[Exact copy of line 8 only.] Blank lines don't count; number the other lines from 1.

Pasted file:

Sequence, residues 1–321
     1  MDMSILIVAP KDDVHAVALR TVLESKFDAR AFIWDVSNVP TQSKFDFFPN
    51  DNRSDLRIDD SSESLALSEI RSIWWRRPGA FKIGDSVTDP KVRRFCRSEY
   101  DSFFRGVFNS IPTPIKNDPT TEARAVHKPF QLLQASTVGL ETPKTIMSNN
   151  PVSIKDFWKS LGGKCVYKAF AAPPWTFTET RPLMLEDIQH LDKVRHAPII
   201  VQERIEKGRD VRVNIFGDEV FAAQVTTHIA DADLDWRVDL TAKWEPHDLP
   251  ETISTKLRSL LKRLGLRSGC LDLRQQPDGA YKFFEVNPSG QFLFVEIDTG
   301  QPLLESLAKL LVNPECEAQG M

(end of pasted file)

   301  QPLLESLAKL LVNPECEAQG M